Theater Courses


Introduction to Theater Making

THR 101 / MTD 101 · Fall 2022

C01 · Mondays and Wednesdays, 11:00 AM - 12:20 PM

Instructors: Elena Araoz · Rhaisa Williams

Introduction to Theatre Making is a working laboratory, which gives students hands-on experience with theatre's fundamental building blocks - writing, design, acting, directing, and producing.

Introduction to Art Making

LCA 101 · Fall 2022

C01 · Mondays and Wednesdays, 11:00 AM - 12:20 PM

Instructors: Colleen Asper · Chesney Snow · Mark Doten · Ruth Ochs · Stacy Wolf · Olivier Tarpaga · Tess James

How do artists make art? How do we evaluate it? In this course, students of all levels get to experience firsthand the particular challenges and rewards of art making through practical engagement with five fields — creative writing, visual art, theater, dance, and music — under the guidance of professionals.

Is Politics a Performance?

FRS 143 · Fall 2022

S01 · Wednesdays, 1:30-4:20 PM

Instructors: Aaron Landsman

At a time when national politics seems frayed at best, local government meetings remain sites of direct democracy and creative protest. Is Politics a Performance? looks at how we perform in these meetings, and who gets to play which roles. Drawing on the tools of sociology, philosophy, civics and theater, we will analyze meetings in Princeton and Trenton, and class member hometowns. Through a layered, practical and fun approach to decision-making, citizenship and dramaturgy, this class is ideal for students considering work in public policy, education, social sciences and performing arts.

ACTING Against Oppression; Notes from the other America

FRS 187 · Fall 2022

S01 · Mondays, 1:30-4:20 PM

Instructors: Vivia Font

Many Latin American countries have weathered many political and social traumas—dictatorships, coups, mass violence, political disruptions, and severe economic disparities. (Sound familiar?) In this mix of undesirable ingredients, theater artists reexamined and reimagined the use of theater to challenge and criticize structures, and to empower those who have been the most oppressed. We will learn about how different theatermakers from Latin America chose to tackle social/political theater from the ‘60s to the present.

Beginning Studies in Acting

THR 201 · Fall 2022

C01 · Tuesdays, 1:30-4:20 PM Thursdays, 1:30-3:20 PM

Instructors: Vivia Font

An introduction to the craft of acting. Emphasis will be placed on honesty, spontaneity, and establishing a personal connection with the substance of the material.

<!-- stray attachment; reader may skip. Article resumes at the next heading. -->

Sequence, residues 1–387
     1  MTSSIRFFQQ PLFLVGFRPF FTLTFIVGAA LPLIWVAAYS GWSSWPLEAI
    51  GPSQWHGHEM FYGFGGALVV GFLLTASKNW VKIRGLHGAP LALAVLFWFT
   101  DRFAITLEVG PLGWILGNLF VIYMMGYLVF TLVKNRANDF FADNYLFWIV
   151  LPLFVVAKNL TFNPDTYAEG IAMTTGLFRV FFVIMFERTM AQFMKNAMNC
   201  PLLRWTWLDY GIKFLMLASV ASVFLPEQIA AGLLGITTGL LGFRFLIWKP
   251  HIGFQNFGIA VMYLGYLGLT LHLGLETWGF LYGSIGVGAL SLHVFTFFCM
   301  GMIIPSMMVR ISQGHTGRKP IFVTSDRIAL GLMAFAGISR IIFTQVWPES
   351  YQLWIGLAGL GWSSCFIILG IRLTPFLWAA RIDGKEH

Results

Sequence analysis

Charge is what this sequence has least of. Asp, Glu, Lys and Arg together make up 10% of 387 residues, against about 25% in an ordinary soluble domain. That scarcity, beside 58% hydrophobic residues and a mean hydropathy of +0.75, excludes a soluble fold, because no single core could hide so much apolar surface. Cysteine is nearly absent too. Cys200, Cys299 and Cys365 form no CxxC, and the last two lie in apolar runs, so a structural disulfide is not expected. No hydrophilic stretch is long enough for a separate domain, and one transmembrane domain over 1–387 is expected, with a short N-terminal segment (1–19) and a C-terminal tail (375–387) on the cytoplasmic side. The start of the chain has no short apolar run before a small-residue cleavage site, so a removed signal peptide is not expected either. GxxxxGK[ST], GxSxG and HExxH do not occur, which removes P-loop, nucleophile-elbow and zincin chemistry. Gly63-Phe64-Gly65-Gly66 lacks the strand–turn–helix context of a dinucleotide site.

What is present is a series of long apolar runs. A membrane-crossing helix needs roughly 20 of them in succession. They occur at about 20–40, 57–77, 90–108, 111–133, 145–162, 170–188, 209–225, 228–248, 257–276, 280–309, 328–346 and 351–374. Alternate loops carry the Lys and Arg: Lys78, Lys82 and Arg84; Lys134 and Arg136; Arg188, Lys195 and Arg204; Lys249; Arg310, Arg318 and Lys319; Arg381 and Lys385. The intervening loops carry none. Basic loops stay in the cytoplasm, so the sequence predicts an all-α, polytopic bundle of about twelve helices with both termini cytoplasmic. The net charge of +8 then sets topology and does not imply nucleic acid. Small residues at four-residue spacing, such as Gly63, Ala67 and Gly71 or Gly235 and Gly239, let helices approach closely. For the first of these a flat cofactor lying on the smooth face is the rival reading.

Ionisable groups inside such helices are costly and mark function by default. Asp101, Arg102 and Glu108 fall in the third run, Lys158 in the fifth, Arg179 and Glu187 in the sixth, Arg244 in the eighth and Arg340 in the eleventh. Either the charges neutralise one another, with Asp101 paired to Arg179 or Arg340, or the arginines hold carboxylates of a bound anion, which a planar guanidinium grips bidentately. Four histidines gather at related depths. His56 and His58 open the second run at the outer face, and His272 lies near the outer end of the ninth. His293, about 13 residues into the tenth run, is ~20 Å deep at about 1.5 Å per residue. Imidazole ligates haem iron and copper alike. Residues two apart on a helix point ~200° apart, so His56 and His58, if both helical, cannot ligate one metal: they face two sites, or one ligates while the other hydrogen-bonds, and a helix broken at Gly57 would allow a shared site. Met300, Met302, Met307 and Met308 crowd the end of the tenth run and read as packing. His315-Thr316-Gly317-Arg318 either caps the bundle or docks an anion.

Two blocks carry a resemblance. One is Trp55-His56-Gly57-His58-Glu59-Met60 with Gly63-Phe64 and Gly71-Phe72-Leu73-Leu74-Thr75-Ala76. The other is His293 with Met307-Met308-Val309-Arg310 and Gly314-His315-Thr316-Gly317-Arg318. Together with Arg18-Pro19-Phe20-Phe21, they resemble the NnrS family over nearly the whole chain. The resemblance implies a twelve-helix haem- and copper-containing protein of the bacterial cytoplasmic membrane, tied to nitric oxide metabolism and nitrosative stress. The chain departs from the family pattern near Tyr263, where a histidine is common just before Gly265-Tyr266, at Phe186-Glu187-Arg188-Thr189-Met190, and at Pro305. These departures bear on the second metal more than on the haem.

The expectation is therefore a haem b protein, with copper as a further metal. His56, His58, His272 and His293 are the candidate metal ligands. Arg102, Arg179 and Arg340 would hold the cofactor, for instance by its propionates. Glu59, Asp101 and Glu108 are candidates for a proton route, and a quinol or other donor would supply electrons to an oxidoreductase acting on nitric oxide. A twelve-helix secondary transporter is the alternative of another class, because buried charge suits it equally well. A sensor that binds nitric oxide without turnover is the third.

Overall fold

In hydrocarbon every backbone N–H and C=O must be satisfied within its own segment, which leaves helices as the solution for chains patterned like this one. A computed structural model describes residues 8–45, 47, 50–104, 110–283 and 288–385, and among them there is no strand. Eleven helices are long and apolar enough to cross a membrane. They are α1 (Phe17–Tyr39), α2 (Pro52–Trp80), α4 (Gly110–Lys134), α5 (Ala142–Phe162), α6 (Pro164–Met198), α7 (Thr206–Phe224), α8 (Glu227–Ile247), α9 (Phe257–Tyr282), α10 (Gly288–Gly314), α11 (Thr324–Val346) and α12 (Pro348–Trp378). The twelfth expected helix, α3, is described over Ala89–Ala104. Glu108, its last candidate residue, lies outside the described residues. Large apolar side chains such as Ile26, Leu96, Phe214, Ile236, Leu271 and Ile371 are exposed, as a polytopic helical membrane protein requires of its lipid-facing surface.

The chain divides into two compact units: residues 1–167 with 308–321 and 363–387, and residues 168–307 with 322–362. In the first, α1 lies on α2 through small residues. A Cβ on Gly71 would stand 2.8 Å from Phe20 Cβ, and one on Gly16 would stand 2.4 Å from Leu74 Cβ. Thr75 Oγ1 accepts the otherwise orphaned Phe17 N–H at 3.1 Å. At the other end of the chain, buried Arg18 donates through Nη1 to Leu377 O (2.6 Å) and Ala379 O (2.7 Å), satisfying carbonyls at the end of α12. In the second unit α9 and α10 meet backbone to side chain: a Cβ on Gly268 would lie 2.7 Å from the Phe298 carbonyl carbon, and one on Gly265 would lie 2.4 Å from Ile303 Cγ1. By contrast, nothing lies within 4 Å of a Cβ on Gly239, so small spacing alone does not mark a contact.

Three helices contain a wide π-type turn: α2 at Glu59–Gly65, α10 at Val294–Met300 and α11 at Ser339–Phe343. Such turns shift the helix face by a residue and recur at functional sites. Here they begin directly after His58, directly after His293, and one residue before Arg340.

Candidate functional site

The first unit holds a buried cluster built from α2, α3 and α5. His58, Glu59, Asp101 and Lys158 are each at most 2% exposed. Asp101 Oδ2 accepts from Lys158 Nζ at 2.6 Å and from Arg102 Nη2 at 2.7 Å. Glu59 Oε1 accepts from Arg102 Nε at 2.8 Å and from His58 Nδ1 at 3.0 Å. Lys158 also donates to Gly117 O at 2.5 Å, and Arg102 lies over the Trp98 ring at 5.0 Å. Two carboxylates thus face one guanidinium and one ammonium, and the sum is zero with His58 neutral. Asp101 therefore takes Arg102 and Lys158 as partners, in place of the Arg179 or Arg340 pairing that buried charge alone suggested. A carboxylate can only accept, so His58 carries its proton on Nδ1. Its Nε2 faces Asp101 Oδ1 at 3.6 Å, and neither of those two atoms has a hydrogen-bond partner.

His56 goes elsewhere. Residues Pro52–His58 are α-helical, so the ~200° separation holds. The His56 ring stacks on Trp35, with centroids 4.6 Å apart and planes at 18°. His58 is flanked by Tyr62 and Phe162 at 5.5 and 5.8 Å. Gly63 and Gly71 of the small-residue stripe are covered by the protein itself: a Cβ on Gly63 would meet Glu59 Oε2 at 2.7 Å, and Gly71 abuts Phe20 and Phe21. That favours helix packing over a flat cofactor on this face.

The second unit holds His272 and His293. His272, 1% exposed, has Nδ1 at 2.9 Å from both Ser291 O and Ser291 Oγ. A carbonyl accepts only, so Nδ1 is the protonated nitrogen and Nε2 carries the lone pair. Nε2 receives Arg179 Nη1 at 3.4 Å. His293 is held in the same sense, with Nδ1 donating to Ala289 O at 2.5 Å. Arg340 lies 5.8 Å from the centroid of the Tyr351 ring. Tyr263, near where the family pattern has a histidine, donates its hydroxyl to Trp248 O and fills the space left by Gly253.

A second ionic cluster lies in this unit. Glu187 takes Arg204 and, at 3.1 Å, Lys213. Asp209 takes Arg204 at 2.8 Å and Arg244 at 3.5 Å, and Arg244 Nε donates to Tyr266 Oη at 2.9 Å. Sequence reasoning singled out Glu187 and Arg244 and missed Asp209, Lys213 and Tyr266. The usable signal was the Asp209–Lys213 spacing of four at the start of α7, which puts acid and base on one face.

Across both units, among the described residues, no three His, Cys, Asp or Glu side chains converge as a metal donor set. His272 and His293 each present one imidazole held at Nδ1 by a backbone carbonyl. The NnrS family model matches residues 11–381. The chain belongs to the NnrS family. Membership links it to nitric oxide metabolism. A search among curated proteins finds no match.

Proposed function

Introductory Playwriting

THR 205 · Fall 2022

C01 · Tuesdays, 1:30-4:20 PM

Instructors: Sylvia Khoury

This is a workshop in the fundamentals of writing plays. Through writing prompts, exercises, study and reflection, students will be guided in the creation of original dramatic material. Attention will be given to character, structure, dramatic action, monologue, dialogue, language and behavior.

Storytelling with Technology for Performance

THR 210 / STC 210 · Fall 2022

C01 — David Bengali + LaJuné McMillian · Mondays, 12:30-4:20 PM

Instructors: David Bengali

Telling stories through performance is human nature, but how can we use technology to enhance, frame, or reveal new perspectives on stories told? Students will learn about tools and techniques from design professionals, and will engage directly and collaboratively with technology to design experiences focused around live performance. Areas covered may include projections and multimedia, lighting, interactivity, and programming for creative applications. This class hopes to bring together students with arts and STEM backgrounds, and does not require prior experience.

French Theater Workshop

FRE 211 / THR 211 · Fall 2022

Multiple sections offered

Instructors: Florent Masse

FRE/THR 211 will offer students the opportunity to put their language skills in motion by exploring French theater and acting in French. The course will introduce students to acting techniques while allowing them to discover the richness of the French dramatic canon

Theater and the Plague

THR 220 / COM 246 / ENG 226 / GHP 320 · Fall 2022

S01 · Thursdays, 1:30-4:20 PM

Instructors: Michael Cadden

Theater relies on the physical and emotional vulnerability of live bodies to experience the pity andterror that plague, war, systemic injustice, and more ordinary forms of disease and death inflict. As we face the twin pandemics of our own time, what can "plague drama" (prompted by outbreaks of typhus, bubonic plague, cholera, AIDS, etc.) tell us about how writers use literal and metaphorical diseases to give shape to a given cultural moment? We'll look at a wide variety mostly theatrical texts to explore how playwrights use the medium of the theater to literally embody and thus make visible physical, social, and metaphysical "dis-ease".